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The Potential of Biogas: Lessons from Germany Steve Plachinski, Aleia McCord, Mirna Santana, Jeff Starke, Sarah Stefanos CHANGE-IGERT, UW-Madison


Outline 1.  Introduction to Biogas 2.  The World Leader – Germany 3.  Three Lessons from Germany 4.  Social and Policy Considerations


What is Biogas? – Inputs Inputs  

Biological  Ac*vity  

Outputs  

Manure   Substrates   •   Corn  Silage   •   Wheat   •   Grass  (hay)   •   Food  Waste   •   Others  

Anaerobic   Digester  

•   Microbes   •   Heat   •   No  oxygen  

Digested   Solids  

Biogas   (50-­‐75%  Methane)  


What is Biogas? – Outputs and End Uses Biological  Ac*vity  

Outputs  

End  Uses  

Heat  

Combus5on  

Anaerobic   Digester  

Electricity  

Biogas   Solids  

Direct  Use   Upgrade  to   Pipeline  Quality  

•   Fer*lizer   •   Animal  Bedding  

Transporta*on   Fuel  


Germany – The World Leader in Biogas

Sources: Beyond Biofuels: Renewable Energy Opportunities for US Farmers, Heinrich Böll Stiftung (2010) Biogas: Rethinking the Midwest’s Potential, Peter Taglia (2010)


Three Lessons from Germany 1.  Business Models –  Industry pioneers; co-ownership; partnering with universities, nearby communities, energy utilities

2.  System Scale and Design –  Large vs. small systems; unique system designs

3.  Innovative Inputs and End Uses –  Substrates; additives; uses of heat; pipeline gas


Industry Pioneer and University Partnership


Co-ownership and Community Partnership


Split Ownership with Energy Utility Electricity  

On-­‐site   Combus4on  

Mixer  

Corn  Silage   Grass   (100%)  

Farmer  Responsible   U4lity  Responsible  

Biogas  

Digester

Storage   Tank  

Sell  to   U4lity  

Solids  

Fer4lizer  

Upgrade   (cleaning)   Process  

RNG  

Inject  into   NG  Pipeline  


Integrative Business Model How Can Wisconsin Do This? –  Consider a variety of ownership structures (utilities, companies, etc.) –  Work with researchers (universities, etc.) –  Identify possible partnerships with local community or businesses –  Synergies with other bioenergy resources (ex. ethanol and biogas) Source: National Agricultural Statistics Service, USDA (2010)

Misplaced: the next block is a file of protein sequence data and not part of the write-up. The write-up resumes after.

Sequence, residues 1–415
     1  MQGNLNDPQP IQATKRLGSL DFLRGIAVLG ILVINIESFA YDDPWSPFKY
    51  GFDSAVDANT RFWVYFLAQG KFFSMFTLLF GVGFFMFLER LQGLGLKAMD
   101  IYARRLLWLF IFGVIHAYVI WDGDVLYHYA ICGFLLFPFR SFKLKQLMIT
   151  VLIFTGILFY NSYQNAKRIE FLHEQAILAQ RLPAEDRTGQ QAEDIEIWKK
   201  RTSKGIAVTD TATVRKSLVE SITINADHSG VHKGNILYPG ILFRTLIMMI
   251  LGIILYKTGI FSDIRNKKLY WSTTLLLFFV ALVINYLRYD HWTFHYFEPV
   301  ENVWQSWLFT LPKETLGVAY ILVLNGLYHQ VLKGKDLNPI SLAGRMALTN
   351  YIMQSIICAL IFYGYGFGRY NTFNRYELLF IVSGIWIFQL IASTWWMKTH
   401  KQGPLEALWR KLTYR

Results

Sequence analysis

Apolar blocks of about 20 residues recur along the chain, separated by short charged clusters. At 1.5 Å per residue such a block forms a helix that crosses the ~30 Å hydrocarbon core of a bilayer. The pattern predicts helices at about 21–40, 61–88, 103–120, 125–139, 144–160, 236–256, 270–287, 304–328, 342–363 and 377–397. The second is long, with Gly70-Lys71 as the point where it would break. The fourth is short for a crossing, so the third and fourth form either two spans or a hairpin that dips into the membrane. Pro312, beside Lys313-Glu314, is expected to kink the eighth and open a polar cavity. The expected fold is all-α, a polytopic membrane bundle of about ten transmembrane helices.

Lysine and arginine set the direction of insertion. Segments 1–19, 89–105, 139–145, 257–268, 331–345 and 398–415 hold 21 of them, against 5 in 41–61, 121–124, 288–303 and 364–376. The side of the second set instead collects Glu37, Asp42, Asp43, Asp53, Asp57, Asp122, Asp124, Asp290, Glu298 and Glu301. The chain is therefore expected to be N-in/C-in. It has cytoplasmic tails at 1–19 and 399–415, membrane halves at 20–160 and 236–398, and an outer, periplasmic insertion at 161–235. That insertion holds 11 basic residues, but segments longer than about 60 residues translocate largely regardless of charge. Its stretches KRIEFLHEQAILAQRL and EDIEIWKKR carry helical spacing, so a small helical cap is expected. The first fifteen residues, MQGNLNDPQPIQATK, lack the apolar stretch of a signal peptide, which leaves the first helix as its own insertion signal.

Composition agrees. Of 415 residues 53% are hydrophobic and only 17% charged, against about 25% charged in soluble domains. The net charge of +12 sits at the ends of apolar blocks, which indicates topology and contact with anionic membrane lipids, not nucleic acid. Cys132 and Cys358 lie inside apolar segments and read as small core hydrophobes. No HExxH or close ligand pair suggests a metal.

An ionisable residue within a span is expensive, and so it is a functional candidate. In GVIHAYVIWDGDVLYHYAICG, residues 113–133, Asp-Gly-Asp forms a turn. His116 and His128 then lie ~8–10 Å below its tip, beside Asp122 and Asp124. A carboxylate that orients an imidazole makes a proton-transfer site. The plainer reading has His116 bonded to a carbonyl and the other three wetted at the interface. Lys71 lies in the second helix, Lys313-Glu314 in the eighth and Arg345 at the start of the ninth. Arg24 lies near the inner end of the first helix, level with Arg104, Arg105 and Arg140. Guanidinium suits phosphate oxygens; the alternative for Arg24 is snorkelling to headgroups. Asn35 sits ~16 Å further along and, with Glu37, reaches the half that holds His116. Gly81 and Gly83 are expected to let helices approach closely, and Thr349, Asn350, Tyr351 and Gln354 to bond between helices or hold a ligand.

Small-Scale System


Large-Scale System


Three-Ring Digester Design •   On-­‐farm  Heat   •   Wood  Drying  

#  Livestock:  0   #  Acres  in  Cul4va4on:  230  ha      #  Years  in  Opera4on:  4   Biogas  

1  MW   Electricity  

Mixer  

Corn  Silage   Grass   (100%)  

Combus4on  

Storage  

Solids  

Fer4lizer  


…and Fully Automated


New Technologies and Designs


System Scale and Design How Can Wisconsin Do This? –  Small-scale biogas systems are possible –  Consider a variety of system designs –  Explore new technologies that can lower costs and increase system versatility


Inputs – 100% Crops (no manure)


Inputs – Digester Additives


End Use - Drying Wood


End Use - Heat for Community Use


End Use – Adding Value

On-­‐site  Combus4on   Electricity   Heat  

Municipal   Sludge   (1km  away)   No Sludge to Landfill

On-­‐Site  Drier   •   25%  Solids  In   •   90%  Solids  Out  

Solids  

Beneficial Heat Usage

Profit = €49 per ton sludge (wet)

Cement  Plant   (50km  away)   Incinerated  with  coal   Decrease volume coal


End Use – Renewable Natural Gas


Innovative Inputs and End Uses How Can Wisconsin Do This? –  Conduct more research on optimal substrate combinations –  Identify potential substrate sources from on-farm and non-farm sources –  Work with neighbors and local community to determine best end uses –  Maximize use of combustion heat


Social & Policy Context for Germany’s Biogas Success Social Context / Motivations 1.  Progressive approach to waste 2.  Climate Change 3.  Energy Security

German Policies 1.  Feed-in-Tariff is instrumental 2.  Result of a bottom-up process

Different social context and policy environment in Wisconsin • How is the motivation for biogas different in Wisconsin? • What might Wisconsin’s social and policy environment need to be to grow its biogas industry?


Conclusions 1.  Business Models 2.  System Scale and Design 3.  Innovative Inputs and End Uses 4.  Social Context and Policy Environment are Important Factors


Acknowledgements •  German hosts –  –  –  –  –  –  – 

Robert Höre Jurgen and family Bernd Roth Rolf Weigel Petra Hess Klaus Hoppe Paul Thürwächter

•  Trip Participants –  Gary Radloff –  Amanda Bilek –  Ted Petith

•  The CHANGE program –  Rob Beattie –  Carmela Diosana –  Jonathan Patz


The Potential of Biogas: Lessons from Germany